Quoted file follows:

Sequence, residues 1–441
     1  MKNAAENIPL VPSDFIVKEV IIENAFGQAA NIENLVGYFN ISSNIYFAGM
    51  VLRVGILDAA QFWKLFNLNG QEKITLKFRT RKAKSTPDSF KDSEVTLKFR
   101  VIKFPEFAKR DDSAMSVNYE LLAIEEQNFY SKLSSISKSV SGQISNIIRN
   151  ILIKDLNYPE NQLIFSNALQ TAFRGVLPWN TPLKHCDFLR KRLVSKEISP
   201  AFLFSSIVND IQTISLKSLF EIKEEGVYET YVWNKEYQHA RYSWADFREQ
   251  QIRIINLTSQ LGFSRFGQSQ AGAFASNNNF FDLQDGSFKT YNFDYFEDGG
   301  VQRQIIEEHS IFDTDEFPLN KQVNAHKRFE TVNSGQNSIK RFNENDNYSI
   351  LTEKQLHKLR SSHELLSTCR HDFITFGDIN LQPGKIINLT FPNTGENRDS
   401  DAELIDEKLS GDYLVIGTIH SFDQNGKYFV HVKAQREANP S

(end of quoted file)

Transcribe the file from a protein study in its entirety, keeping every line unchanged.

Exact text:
Sequence, residues 1–441
     1  MKNAAENIPL VPSDFIVKEV IIENAFGQAA NIENLVGYFN ISSNIYFAGM
    51  VLRVGILDAA QFWKLFNLNG QEKITLKFRT RKAKSTPDSF KDSEVTLKFR
   101  VIKFPEFAKR DDSAMSVNYE LLAIEEQNFY SKLSSISKSV SGQISNIIRN
   151  ILIKDLNYPE NQLIFSNALQ TAFRGVLPWN TPLKHCDFLR KRLVSKEISP
   201  AFLFSSIVND IQTISLKSLF EIKEEGVYET YVWNKEYQHA RYSWADFREQ
   251  QIRIINLTSQ LGFSRFGQSQ AGAFASNNNF FDLQDGSFKT YNFDYFEDGG
   301  VQRQIIEEHS IFDTDEFPLN KQVNAHKRFE TVNSGQNSIK RFNENDNYSI
   351  LTEKQLHKLR SSHELLSTCR HDFITFGDIN LQPGKIINLT FPNTGENRDS
   401  DAELIDEKLS GDYLVIGTIH SFDQNGKYFV HVKAQREANP S